An Effective ETS Is the Pink Slip for Other Subsidies

Matt Burgess
Insights Newsletter
12 October, 2018

Minister for Climate Change James Shaw this week announced that a package of incentives to buy electrical vehicles will arrive soon. The package will join other climate change measures, including a recent proposal to tighten up New Zealand’s Emissions Trading Scheme (ETS).

The principal benefit of an ETS is the discovery of least-cost ways to abate emissions. A 2013 OECD study showed it can cost 17 times more to abate a tonne of carbon by using government subsidies than by simply relying on emissions trading.

But an ETS works only if its emissions cap is binding. Currently, New Zealand’s ETS cap is soft, in part due to free allocations of New Zealand Units (NZUs) – emissions rights – to selected industries. This explains the limited evidence, so far, for the effectiveness of the ETS.

The Government’s proposal will change this. An August consultation paper outlines a raft of changes to the ETS, including rolling five-year caps on emissions that will steer New Zealand towards zero net emissions by 2050. Agriculture will remain outside the ETS for now.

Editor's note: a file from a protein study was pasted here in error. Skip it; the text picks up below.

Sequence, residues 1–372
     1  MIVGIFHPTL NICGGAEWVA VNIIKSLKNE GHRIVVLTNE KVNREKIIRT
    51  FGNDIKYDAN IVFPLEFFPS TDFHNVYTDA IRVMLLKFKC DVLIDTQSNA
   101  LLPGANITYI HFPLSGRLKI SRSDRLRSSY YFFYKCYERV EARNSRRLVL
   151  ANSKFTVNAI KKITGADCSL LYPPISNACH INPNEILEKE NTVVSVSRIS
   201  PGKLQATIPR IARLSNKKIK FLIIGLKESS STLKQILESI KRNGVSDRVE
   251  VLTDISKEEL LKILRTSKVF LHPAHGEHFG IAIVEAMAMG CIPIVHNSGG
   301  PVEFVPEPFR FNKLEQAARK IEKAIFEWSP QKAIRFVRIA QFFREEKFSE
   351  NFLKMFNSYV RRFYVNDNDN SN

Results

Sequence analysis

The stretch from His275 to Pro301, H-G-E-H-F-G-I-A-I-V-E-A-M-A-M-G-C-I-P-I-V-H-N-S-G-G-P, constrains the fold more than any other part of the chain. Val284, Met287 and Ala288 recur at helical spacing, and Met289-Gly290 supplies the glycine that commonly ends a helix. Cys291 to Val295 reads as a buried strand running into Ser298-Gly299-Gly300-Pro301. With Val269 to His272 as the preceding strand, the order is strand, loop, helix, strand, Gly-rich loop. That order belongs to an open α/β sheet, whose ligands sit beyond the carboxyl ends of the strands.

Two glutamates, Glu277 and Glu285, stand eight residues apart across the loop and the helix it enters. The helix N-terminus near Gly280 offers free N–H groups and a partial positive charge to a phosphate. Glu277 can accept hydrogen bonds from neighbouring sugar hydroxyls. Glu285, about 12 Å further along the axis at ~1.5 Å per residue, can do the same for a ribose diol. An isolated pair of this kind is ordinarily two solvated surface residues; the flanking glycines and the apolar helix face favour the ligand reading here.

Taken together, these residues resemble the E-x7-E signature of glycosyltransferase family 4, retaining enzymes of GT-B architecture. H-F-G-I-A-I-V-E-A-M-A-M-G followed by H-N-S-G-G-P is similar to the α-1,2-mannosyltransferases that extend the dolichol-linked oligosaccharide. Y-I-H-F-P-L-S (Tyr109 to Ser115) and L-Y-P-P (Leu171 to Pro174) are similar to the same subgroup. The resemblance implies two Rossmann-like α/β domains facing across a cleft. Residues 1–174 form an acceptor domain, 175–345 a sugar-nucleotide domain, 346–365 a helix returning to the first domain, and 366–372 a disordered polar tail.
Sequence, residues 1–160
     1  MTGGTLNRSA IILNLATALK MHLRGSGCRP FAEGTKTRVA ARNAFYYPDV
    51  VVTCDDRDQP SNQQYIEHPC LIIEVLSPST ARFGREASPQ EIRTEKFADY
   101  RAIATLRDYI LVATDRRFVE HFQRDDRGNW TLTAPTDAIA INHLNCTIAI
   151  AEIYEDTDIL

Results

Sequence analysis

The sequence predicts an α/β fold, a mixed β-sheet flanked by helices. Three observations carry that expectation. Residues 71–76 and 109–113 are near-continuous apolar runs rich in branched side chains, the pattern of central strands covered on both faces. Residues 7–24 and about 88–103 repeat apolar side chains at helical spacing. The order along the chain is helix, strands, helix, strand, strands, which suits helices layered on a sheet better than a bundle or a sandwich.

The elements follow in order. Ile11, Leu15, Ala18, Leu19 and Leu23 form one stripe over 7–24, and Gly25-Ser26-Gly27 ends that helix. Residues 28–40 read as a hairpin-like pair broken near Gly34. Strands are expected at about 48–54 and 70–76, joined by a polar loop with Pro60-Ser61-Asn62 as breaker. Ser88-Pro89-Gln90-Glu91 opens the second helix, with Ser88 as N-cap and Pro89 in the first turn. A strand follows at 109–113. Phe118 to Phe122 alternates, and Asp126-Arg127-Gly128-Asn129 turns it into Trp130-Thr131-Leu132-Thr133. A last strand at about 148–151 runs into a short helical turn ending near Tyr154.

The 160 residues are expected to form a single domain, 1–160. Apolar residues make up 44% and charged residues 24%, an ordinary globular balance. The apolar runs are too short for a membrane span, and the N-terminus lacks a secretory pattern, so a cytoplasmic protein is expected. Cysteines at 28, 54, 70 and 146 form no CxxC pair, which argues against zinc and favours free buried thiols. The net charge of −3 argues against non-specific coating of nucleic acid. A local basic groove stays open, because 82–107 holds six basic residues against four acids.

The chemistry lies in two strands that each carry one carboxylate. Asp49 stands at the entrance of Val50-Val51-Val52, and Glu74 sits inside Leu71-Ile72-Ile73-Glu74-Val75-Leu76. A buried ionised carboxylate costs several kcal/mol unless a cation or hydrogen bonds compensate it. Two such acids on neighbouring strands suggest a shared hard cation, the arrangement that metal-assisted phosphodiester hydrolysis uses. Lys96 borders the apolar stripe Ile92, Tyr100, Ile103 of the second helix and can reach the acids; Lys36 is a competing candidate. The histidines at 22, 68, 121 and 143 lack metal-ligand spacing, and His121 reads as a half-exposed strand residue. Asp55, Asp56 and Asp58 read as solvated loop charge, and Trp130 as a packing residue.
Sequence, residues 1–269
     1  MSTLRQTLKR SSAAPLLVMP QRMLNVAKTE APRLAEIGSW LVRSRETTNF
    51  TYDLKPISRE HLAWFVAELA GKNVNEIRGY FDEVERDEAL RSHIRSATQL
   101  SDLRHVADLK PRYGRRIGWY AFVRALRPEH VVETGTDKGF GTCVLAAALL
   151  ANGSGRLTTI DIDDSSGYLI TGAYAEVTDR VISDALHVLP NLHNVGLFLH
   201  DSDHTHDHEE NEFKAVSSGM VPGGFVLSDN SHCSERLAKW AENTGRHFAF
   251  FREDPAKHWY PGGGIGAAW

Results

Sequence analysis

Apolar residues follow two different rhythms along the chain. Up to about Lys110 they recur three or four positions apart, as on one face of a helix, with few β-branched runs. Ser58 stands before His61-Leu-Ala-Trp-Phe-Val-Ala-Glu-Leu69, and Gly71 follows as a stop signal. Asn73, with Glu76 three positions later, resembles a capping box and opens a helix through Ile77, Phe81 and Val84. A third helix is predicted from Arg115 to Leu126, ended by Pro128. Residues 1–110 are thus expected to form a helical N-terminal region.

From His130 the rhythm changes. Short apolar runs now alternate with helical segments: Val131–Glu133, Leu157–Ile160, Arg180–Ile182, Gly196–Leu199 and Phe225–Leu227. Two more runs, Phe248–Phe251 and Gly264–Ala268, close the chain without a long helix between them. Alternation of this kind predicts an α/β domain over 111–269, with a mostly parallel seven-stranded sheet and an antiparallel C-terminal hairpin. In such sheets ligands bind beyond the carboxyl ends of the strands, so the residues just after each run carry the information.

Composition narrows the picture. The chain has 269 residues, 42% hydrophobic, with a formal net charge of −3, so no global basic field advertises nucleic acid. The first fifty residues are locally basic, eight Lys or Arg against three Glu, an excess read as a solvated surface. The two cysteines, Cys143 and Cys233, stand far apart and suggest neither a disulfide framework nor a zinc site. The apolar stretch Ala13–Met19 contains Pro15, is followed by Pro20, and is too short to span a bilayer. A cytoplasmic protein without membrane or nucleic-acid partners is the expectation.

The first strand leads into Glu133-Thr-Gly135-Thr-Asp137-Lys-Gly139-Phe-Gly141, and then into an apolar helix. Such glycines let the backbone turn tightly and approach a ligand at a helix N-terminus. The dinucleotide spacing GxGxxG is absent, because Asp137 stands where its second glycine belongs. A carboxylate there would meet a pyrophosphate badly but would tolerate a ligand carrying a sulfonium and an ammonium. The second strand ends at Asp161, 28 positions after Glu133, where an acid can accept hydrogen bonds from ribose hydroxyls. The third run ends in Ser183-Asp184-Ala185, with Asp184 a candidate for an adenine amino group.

The ETS is valuable as a means for New Zealand to meet its international obligations at least cost, and so these changes should be welcomed.

But if the ETS becomes binding, with emissions determined by the number of NZUs issued, then measures like EV subsidies cease to have any effect on overall emissions.

Consider a family’s decision to trade in their gas guzzler for an electric vehicle. Their carbon footprint will be smaller, but total emissions will not change. The emission credits that would have been purchased with their petrol do not disappear. They will be released on to the market for purchase and use elsewhere.

It might be argued that a government could cut the number of NZUs by an amount equal to the emissions avoided by a subsidy-induced increase in EV uptake. True. But the government could just buy back or otherwise reduce the number of NZUs available and let participants in the ETS find their own best ways to cut emissions. The trading scheme can do that at a far lower cost per-tonne.

With a tougher ETS, other emissions policies, including EV subsidies, will do no more than raise the costs of abatement. That might be a source of aesthetic benefit for those who like seeing electric cars. But it will not help the environment.

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